Floating on the Dead Sea was one of the coolest thing I’ve ever done while traveling. It is the lowest point on earth and one of the saltiest lakes in the world!

First Impressions on Israel/Palestine:

  • It is different. That’s a huge statement coming from me, as I tend to focus on seeing the world in a more-alike-than-different lens. But I don’t think it’s right to say that life in Israel is the same as life in Chiang Mai or Budapest. The country, and even many of the cities, are very much divided — by physical walls, religious and ethnic differences and political control.Their actual lives are very much entrenched in these divides which restrict where they can travel both inside their country and abroad. Religion and politics seeps into their everyday lives in a way that’s very different than anywhere I have traveled.
  • These religions really care about places. Most of Israel proper is inhabited by Jews, many of them orthodox, and most of Palestine is inhabited by Muslims (these are of course generalizations). Both of these religions have deep roots in the land. Sights like the Tomb of the Patriarchs (Abraham and Sarah’s tomb) and Temple Mount (the sight of the last jewish temple and stone of the sacrifice) are immensely important to both of these religions. They both care so much about the religious significance of actual places and praying at the sites of these historical locations. Growing up Catholic, places don’t really have the same significance (that’s why young Jews go on a Birthright trip to Israel and Catholics don’t). It was really interesting to see the how much both sides value these physical locations in their religious practices.
Church of the Holy Sepulchre is one of the holy sights in Jerusalem where Jesus was believed to have been crucified and buried.
  • There is more to it than religion. The region is rich with religious history, but it’s also rich in human history. Even if you’re not religious, you will not be short on amazing things to do. Jericho has an archeological sight with the world’s oldest known city. The walls date back to 10,500 BC! The Dead Sea is the lowest lake in the world and has one of the highest salinity levels. Floating on the Dead Sea is unlike anything I’ve ever experienced before. From Israel, it’s easy to hop across the border into Jordan to visit the Lost City of Petra. This Rose-Red city is one of the Seven Wonders of the Modern World and is absolutely breathtaking!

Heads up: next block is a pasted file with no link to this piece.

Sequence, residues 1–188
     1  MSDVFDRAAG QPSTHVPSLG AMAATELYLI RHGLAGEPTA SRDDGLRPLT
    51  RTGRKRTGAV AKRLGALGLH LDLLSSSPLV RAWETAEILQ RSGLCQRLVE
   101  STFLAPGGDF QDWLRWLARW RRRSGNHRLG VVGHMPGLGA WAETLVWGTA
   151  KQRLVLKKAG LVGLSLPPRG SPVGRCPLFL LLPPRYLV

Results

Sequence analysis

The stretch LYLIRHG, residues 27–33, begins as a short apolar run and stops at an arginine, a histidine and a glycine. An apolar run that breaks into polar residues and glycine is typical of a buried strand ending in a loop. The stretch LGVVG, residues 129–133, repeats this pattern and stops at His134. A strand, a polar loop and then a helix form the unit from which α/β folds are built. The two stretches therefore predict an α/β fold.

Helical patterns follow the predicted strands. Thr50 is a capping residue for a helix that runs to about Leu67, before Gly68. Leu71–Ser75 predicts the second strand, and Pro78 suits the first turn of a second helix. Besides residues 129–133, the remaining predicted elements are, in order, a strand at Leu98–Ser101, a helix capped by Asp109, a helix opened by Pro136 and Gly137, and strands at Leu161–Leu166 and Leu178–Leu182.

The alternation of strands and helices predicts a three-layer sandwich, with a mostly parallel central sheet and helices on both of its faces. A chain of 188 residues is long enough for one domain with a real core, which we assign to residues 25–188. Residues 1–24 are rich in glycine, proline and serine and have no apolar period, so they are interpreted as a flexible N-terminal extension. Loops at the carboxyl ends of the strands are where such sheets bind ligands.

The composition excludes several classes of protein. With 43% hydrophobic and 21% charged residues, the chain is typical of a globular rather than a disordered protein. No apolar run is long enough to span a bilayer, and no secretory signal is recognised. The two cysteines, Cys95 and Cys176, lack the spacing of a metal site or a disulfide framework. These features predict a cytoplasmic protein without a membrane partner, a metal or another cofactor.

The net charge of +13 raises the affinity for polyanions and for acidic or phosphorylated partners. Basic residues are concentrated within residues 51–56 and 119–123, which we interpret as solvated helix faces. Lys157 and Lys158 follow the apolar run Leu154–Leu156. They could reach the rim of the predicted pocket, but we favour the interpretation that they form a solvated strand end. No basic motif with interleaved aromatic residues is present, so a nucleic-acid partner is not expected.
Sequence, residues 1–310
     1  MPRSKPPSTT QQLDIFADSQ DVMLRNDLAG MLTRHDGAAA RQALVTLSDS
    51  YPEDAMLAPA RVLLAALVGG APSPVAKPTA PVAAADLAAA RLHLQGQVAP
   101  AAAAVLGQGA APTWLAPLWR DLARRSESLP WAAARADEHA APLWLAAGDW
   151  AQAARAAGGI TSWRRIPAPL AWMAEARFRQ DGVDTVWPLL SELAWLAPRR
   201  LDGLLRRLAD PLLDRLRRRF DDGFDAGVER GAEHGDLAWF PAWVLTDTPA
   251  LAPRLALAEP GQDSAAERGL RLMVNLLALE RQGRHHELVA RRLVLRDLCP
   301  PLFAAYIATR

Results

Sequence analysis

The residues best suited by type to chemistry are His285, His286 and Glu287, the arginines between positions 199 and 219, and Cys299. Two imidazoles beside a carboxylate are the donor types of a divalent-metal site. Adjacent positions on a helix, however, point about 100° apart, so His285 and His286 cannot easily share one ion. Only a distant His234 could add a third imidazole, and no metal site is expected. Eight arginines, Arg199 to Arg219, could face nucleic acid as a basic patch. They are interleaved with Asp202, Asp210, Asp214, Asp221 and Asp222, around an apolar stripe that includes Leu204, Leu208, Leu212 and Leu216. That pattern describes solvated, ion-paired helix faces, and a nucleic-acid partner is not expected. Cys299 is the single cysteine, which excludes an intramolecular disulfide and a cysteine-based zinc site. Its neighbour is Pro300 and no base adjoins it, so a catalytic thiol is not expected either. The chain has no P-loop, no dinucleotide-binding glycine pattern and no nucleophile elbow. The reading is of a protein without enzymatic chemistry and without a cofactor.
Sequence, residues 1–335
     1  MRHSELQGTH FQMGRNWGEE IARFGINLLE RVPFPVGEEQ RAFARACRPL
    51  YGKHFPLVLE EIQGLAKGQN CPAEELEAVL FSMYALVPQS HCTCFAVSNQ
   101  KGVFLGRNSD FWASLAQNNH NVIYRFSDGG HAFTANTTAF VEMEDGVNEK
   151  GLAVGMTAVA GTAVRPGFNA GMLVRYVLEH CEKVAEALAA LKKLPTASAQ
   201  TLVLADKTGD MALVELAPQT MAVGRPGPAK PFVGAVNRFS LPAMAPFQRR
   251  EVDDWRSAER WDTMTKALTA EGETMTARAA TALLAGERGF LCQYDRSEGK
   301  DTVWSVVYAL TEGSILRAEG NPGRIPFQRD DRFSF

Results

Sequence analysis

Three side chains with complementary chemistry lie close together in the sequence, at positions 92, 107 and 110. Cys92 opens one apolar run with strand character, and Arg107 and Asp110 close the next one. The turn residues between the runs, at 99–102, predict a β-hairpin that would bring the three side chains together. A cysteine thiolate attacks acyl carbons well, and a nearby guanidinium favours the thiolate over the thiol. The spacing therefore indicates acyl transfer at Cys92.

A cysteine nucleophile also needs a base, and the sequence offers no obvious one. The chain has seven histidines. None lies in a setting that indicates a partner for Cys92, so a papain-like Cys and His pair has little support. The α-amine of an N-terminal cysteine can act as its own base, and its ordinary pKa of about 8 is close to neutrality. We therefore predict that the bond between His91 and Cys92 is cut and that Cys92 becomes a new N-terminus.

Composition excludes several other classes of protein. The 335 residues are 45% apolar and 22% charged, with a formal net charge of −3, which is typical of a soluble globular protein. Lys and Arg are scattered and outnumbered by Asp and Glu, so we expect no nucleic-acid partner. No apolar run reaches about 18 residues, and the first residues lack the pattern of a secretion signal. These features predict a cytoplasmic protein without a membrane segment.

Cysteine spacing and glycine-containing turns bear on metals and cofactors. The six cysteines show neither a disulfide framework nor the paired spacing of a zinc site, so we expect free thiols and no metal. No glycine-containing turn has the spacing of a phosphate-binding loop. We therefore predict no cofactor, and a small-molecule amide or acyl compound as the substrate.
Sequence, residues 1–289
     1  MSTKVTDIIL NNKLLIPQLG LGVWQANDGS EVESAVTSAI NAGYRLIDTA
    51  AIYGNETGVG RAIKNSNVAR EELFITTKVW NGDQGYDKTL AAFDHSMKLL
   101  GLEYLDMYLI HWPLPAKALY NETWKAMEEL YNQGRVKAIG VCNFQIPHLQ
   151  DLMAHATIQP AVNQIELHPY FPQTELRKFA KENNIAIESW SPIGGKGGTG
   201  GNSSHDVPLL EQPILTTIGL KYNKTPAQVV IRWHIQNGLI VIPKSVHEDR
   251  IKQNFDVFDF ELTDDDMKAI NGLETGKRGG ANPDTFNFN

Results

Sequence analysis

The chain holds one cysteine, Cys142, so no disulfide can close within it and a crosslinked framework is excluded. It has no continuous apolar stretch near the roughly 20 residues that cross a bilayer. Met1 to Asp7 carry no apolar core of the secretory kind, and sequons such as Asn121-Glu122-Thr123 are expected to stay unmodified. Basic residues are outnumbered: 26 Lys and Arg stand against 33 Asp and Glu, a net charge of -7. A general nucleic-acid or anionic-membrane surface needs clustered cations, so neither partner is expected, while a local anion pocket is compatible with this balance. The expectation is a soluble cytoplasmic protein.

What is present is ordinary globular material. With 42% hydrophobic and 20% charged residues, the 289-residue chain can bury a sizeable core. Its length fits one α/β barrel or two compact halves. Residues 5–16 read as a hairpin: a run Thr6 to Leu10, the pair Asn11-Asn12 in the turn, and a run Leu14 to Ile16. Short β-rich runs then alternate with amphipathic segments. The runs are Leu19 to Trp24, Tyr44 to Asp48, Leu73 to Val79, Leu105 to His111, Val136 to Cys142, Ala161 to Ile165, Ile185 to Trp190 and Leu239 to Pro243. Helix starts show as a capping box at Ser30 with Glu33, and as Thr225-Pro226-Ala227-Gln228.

The archaeology site at Jericho is just astounding. It’s believed to be the first city founded by early humans who first left cave dwellings.

What you need to know — Greece:

  • Population: Tel Aviv: 430,000 / Nazareth: 76,000 / Jerusalem: 858,000
  • Altitude: Tel Aviv: 5 m / Nazareth: 347 m / Jerusalem: 754 m (and for kicks, the Dead Sea is -430 meters!)
  • Temperature: Hot. Highs and lows in the 80s.
  • Exchange Rate: 3.68 Israeli Shekel to $1 USD
  • Primary Language: Hebrew, Arabic, English
  • Walking Tour: We did take the Holy City Tour of Jerusalem, but it was a paid tour, not the free version. This tour was provided by New Europe tours, which we generally don’t like, but this one was okay.
  • Time Zone: Israel Daylight Time, UTC +3 (8 hours ahead of US Central Time)
  • Taxi: Yes, it was pretty easy to find a taxi in most of the cities we were in.
  • Uber: No
  • Public Transit: The major cities were all very well connected by bus. Jerusalem also had light rail.
  • Emergency Number: 100
  • Running: Tel Aviv has some great running routes along the waterfront and through Yarkon park. We were so booked up with tours though, that we didn’t run, but did bike through those areas.
  • American Football: Not yet in season.
  • Starbucks: No.
  • Local Starbucks Specialty: None.
  • McDonald’s Veggie Burger: I don’t think so, but we never made it to one.
  • Coffee Price: About 7-10 Shekels(~3 USD) for a cappuccino
  • Beer Price: About 30 Shekels (~9 USD) for a large (500ml) draft craft beer.

Another image from the wall separating Israel and Palestine

The Journey Continues